I recently spent time on an island Southwest off Cambodia with no vehicles, no roads, no reception and occasionally no boat to connect us to the mainland. Me and my friend stayed in a bungalow with only 2 lightbulbs and no power socket. It was a dream for me – reading and swimming all days, evenings spent at a fireplace talking to strangers. If we had questions we hadn’t known the answer to, we didn’t Google it. We eventually moved onto a next topic and started discussing a new problem. We wanted to stay in touch, so we exchanged contact details with a note: ‘I’ll add you in a few days… Or whenever I leave this place.’
Such days are very much needed to recharge and reconnect with nature and people around me. We started to feel bored after some time and needed to charge our cameras and Kindles. We also needed to research our next destination and book tickets. And we started to be agitated to have the power only between 6pm and 11pm – not long enough to fully charge anything. Trekking through the jungle to another side of the island to connect to spotty WiFi felt like such an advanced technological experience. It felt like we suddenly leaped forward a few years. Although we quickly fell into the screen zombie mode again after leaving the island, this reminder stays with me. I was asking myself: Imagine, what people living without electricity for their lifetime must feel when they finally get an electricity connection?
I set up this website to document my search for off-grid energy solutions made by and for local communities. The website has naturally evolved to be more of a travelling website than a website focused on electricity access solutions. Maybe it’s because I’ve done a lot of moving around in Southeast Asia, primarily interested in exploring new places. But my drive to see electricity access solutions people have developed and talk about the need for a better, more reliable service has been beyond my every trip. Perhaps that’s why I’ve been choosing the most remote destinations to which I have to travel for days.
During my trips, I’ve started recognising the social and economic impacts of energy technology. It confirmed my conviction that people’s motivation and plans for using electricity are very important when deciding about what kind of energy access service would serve them best. My friend’s family in rural Myanmar told me that all they need is light and charging at night. They were not interested in other possibilities of using electricity (fridge, rice cookers). Yet. Indeed, they had light on all night to ensure they would not step on a snake when going to the outside toilet at night. And they were super happy with it.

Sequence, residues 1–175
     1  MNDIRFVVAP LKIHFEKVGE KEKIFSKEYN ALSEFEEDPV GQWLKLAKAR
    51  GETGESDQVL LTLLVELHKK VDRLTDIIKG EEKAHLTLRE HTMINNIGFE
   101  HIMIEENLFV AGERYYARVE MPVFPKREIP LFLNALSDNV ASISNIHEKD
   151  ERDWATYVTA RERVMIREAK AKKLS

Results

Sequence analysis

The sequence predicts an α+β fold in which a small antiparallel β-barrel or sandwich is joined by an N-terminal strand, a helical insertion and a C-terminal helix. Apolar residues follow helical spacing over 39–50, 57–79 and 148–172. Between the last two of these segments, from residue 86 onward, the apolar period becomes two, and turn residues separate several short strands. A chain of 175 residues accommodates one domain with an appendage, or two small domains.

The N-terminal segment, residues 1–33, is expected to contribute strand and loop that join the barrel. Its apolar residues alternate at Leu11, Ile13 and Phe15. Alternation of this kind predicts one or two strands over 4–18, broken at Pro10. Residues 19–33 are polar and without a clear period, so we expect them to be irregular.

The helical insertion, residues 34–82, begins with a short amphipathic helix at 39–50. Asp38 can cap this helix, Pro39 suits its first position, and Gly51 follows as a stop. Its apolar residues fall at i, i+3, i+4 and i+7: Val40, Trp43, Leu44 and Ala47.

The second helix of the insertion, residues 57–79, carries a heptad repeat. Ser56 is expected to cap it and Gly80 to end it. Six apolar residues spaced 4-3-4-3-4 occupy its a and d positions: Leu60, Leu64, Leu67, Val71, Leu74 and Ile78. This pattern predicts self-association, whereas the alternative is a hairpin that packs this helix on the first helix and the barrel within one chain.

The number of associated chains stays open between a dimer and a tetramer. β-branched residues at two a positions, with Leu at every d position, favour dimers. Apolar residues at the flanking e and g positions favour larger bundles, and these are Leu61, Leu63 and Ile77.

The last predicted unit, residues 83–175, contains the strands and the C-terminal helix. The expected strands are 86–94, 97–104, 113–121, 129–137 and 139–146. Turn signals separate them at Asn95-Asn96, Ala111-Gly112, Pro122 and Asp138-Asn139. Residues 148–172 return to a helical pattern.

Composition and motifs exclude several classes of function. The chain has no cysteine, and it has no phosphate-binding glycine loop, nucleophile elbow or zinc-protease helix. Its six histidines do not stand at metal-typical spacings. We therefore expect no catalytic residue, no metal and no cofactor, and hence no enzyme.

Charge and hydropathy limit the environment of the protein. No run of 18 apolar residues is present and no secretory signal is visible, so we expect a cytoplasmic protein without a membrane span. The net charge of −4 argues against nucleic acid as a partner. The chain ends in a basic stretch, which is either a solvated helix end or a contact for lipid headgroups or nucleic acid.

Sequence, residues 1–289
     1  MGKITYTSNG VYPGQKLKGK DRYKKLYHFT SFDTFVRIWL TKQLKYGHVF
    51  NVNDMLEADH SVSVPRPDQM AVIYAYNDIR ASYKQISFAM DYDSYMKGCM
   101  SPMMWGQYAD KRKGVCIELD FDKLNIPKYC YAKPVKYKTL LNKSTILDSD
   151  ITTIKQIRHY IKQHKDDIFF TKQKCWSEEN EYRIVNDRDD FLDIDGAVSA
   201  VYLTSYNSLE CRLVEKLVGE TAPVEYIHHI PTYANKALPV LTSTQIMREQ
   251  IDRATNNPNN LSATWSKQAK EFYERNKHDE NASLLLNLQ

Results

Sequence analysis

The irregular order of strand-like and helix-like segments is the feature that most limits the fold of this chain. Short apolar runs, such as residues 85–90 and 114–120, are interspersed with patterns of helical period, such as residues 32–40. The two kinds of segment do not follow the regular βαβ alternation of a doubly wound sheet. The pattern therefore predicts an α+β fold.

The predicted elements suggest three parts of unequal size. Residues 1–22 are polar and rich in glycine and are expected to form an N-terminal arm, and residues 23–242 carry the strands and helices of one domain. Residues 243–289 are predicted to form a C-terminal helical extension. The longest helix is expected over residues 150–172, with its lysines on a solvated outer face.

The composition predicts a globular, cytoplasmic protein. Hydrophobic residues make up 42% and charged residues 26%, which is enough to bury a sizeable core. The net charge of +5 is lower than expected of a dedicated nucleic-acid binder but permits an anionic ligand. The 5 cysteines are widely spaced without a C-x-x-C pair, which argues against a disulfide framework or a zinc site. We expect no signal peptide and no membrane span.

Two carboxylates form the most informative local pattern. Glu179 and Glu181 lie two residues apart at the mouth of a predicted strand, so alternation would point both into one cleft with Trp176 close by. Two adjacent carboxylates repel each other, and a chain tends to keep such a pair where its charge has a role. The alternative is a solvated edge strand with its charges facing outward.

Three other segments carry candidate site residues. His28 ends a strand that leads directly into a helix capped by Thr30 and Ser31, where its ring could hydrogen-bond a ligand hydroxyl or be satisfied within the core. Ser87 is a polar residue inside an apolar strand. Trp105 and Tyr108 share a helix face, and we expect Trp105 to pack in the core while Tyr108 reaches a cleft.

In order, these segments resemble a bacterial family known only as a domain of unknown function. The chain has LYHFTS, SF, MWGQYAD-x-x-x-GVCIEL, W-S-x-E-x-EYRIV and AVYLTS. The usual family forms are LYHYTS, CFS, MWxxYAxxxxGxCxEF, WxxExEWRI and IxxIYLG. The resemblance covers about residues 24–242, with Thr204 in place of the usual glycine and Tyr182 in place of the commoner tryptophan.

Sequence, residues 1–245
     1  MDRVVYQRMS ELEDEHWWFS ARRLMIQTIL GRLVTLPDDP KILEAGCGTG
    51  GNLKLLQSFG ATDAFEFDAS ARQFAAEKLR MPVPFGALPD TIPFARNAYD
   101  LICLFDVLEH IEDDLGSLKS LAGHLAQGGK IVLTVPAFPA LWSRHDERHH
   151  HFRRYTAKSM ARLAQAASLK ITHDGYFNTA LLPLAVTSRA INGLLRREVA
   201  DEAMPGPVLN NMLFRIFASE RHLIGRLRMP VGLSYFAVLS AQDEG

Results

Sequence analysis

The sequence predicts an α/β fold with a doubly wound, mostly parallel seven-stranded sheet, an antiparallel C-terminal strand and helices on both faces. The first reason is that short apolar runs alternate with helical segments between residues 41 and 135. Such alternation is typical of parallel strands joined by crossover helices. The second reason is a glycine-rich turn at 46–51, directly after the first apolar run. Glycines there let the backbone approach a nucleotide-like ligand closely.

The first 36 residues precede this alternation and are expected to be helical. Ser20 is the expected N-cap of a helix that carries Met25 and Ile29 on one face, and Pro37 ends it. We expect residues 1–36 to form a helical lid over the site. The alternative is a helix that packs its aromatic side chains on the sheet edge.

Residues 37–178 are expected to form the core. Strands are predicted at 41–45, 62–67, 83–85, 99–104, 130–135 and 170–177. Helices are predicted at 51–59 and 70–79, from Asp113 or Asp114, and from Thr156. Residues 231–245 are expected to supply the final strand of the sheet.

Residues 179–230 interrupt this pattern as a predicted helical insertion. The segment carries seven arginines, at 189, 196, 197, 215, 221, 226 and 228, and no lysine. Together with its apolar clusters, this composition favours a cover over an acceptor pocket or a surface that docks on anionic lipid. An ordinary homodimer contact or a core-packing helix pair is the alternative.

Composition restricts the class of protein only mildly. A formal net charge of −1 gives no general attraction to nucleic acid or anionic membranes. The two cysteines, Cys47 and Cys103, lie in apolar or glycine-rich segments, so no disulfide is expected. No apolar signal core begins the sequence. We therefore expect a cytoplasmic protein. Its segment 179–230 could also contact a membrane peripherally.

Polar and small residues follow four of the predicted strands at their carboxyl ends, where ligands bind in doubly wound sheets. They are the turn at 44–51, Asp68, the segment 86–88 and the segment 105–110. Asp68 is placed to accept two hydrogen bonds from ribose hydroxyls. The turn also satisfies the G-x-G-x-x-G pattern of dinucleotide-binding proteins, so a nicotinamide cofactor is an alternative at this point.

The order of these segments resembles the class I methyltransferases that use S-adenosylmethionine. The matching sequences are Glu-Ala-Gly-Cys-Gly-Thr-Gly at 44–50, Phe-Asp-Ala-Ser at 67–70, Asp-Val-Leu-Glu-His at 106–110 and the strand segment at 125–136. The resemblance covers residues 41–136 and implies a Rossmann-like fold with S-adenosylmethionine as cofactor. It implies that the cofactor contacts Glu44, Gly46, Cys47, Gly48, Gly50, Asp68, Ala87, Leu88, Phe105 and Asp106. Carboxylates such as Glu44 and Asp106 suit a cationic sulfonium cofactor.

I do think that even in this family, change will gradually happen. Once they become accustomed to having the basic service they might want to start using other appliances as well. Time will tell. I hope to come back to discuss with them how electricity is changing their life. In the meantime, I’ll keep travelling and writing about it to encourage people to explore the last remotest places on Earth.
Increased energy access and improved infrastructure are conditions for further development through tourism and other economic activities, even at the edge of the world. One organisation that I was lucky to join for a brief period – GHE – specifically stands out with their mission to electrify every single village in the Ladakh, a region lying in the heart of the Indian Himalayas. Worldwide, there is a big opportunity for energy technology to change lives of people in the most dramatic way. I hope to continue being one of the people who are trying to accelerate it. We are a small, but growing community and we continue to inspire each other. I sometimes need to remind myself of how grateful I am for being exactly where I am right now.